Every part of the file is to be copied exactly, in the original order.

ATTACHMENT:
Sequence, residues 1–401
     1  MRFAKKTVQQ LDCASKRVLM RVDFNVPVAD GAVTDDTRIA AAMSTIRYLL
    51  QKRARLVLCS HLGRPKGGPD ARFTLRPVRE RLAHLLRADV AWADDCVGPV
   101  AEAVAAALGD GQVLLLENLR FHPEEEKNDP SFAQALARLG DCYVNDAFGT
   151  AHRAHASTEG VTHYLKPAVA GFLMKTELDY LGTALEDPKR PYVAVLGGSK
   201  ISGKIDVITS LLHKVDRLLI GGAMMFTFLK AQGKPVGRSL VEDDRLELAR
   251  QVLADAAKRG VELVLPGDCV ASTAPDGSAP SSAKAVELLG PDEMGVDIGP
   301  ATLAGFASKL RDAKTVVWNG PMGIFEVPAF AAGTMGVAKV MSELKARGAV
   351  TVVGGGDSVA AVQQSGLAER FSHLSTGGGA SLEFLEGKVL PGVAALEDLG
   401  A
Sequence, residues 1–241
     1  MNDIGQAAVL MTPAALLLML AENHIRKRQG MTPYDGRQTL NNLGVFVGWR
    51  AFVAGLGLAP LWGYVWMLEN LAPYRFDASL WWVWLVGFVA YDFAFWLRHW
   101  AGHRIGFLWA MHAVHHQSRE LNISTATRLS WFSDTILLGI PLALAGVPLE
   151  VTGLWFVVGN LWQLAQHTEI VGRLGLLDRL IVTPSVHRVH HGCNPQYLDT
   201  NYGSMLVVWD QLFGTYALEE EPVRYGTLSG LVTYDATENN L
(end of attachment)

Sequence, residues 1–401
     1  MRFAKKTVQQ LDCASKRVLM RVDFNVPVAD GAVTDDTRIA AAMSTIRYLL
    51  QKRARLVLCS HLGRPKGGPD ARFTLRPVRE RLAHLLRADV AWADDCVGPV
   101  AEAVAAALGD GQVLLLENLR FHPEEEKNDP SFAQALARLG DCYVNDAFGT
   151  AHRAHASTEG VTHYLKPAVA GFLMKTELDY LGTALEDPKR PYVAVLGGSK
   201  ISGKIDVITS LLHKVDRLLI GGAMMFTFLK AQGKPVGRSL VEDDRLELAR
   251  QVLADAAKRG VELVLPGDCV ASTAPDGSAP SSAKAVELLG PDEMGVDIGP
   301  ATLAGFASKL RDAKTVVWNG PMGIFEVPAF AAGTMGVAKV MSELKARGAV
   351  TVVGGGDSVA AVQQSGLAER FSHLSTGGGA SLEFLEGKVL PGVAALEDLG
   401  A
Sequence, residues 1–241
     1  MNDIGQAAVL MTPAALLLML AENHIRKRQG MTPYDGRQTL NNLGVFVGWR
    51  AFVAGLGLAP LWGYVWMLEN LAPYRFDASL WWVWLVGFVA YDFAFWLRHW
   101  AGHRIGFLWA MHAVHHQSRE LNISTATRLS WFSDTILLGI PLALAGVPLE
   151  VTGLWFVVGN LWQLAQHTEI VGRLGLLDRL IVTPSVHRVH HGCNPQYLDT
   201  NYGSMLVVWD QLFGTYALEE EPVRYGTLSG LVTYDATENN L